“SolidWorks is a parasolid-based solid modeler, and utilizes a parametric feature-based approach to create models and assemblies.” SolidWorks uses parameters which are either numeric or geometric. Numeric parameters use relations to capture the design intent. The design intent is “how the creator of the part wants it to respond to changes and updates.” The part’s building blocks are called features, and they are either shape-based or operation-based. Usually, a SolidWorks model starts with a 2D sketch. Dimensions are added and relations are used. The two determines the geometry of the model. SolidWorks has advanced mating features and roll back features (which allow users to go back to a part’s history and do some changes in the part). Parts or assemblies can be sources for a drawing. SolidWorks uses the Microsoft structured storage file format, which allows other files to be embedded to SolidWorks files.

 

 
 
 
 
 
 
 
 
 
 
 

A New Programming Add-In for SolidWorks: BobCAM for SolidWorks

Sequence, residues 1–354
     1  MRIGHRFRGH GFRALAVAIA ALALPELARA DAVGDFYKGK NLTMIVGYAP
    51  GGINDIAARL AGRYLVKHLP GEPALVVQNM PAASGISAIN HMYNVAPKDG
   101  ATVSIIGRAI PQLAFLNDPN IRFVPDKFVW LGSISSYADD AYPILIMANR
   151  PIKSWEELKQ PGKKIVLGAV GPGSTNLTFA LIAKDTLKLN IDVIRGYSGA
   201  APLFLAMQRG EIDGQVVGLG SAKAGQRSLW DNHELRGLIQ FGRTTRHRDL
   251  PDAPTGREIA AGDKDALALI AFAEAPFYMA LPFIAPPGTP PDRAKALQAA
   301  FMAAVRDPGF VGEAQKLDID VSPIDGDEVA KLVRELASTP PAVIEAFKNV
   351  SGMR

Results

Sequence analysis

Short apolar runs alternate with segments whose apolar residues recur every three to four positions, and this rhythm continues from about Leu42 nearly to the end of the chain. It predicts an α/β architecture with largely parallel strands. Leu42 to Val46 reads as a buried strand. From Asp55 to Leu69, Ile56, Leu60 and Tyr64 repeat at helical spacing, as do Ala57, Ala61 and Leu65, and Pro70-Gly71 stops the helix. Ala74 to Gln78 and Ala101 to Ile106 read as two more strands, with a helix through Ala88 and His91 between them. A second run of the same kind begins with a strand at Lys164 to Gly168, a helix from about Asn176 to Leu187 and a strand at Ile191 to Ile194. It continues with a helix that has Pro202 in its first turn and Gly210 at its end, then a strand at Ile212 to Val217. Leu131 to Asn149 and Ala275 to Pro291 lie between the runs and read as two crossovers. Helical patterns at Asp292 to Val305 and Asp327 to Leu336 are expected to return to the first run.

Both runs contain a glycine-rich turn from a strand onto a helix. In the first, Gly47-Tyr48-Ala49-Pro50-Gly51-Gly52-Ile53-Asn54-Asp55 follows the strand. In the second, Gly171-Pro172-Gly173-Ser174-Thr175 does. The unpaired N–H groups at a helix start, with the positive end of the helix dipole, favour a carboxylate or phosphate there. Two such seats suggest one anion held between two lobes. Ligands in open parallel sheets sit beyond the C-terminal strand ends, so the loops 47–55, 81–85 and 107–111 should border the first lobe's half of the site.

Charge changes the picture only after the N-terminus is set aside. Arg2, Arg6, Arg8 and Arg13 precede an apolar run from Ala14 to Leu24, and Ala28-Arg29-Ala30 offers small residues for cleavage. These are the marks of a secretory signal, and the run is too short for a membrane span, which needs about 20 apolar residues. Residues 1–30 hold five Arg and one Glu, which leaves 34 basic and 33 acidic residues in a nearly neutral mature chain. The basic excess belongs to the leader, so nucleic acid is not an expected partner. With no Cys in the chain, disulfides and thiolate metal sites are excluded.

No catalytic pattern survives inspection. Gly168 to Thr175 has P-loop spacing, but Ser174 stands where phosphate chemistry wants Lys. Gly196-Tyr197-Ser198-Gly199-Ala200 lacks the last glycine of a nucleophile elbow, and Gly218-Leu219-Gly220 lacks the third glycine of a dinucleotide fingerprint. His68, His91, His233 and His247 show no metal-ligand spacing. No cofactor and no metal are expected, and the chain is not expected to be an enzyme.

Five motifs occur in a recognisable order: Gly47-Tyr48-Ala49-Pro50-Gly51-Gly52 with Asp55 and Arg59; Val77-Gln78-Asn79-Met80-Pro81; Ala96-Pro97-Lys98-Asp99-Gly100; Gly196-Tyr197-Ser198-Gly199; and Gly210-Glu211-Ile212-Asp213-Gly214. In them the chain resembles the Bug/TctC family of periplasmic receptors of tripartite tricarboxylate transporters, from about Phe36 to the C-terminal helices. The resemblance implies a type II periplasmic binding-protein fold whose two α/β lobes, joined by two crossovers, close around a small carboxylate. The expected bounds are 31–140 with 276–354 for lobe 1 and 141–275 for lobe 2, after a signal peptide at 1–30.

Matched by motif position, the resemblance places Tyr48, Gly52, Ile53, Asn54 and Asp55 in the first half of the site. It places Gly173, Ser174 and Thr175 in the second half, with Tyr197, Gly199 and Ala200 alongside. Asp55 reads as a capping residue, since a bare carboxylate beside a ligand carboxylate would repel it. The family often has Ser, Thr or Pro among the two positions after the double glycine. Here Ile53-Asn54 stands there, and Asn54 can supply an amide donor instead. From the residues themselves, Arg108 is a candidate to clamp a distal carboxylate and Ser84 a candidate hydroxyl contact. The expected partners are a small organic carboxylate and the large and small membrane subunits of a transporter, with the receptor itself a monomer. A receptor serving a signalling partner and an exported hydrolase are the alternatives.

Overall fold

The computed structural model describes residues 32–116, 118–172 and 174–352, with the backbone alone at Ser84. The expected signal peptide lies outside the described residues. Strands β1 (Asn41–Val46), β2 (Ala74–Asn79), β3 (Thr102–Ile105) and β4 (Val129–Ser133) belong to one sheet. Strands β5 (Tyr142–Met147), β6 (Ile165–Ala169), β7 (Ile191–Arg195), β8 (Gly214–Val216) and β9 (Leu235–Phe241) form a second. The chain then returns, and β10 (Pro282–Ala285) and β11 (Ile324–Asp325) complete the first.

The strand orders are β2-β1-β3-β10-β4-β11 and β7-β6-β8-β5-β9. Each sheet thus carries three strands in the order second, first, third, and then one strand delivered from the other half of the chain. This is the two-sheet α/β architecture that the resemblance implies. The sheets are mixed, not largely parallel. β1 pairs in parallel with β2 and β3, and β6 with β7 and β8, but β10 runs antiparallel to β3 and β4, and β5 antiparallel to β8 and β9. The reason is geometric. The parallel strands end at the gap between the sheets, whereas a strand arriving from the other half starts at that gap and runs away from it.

Blog - Solidworks

 

BobCAD-CAM released a new programming add-in for SolidWorks called BobCAM for SolidWorks. BobCAM allows users to utilize its two- to four-axis machining capabilities, which are fully associative with the part model. Any machining strategy, such as tool pattern and cutting condition, is either associative with a specific part or with the entire system. Other functionalities of BobCAM include profiling, pocketing, engraving, etc. BobCAM has a customizable material and tool database and post processors for some machines.


Reference:
“‘Fully Integrated’ BobCAM for SolidWorks CAM Software.” American Machinist. 24 June 2010. 14 July 2010 <http://www.americanmachinist.com/304/Issue/Article/False/85927/Issue>.

 
 
 
 
 
 
 
 
 
 
 

Add-In for SolidWorks 3D Mechanical CAD (MCAD): Shapeways Add-In

Blog - Solidworks

 

Shapeways and Design Solutions introduced a SolidWorks 3D mechanical CAD (MCAD) add-in that allows SolidWorks users to 3D print designs in materials such as stainless steels, glasses, full color sandstones, etc. To do this, users must install the add-in, open a SolidWorks model, login to Shapeways, and save to Shapeways. According to Peter Weijmarshausen, CEO of Shapeways, the add-in “makes it easier… to turn 3D designs into physical objects.” The Shapeways add-in is available for free at the Design Solutions website.


Reference:
“Shapeways Offers 3D Print Add In for SolidWorks.” Ten Links. 24 June 2010. 14 July 2010 <http://www.tenlinks.com/news/PR/shapeways/062410_3d_print_addin.htm>

 
 
 
 
 
 
 
 
 
 
 
More Articles...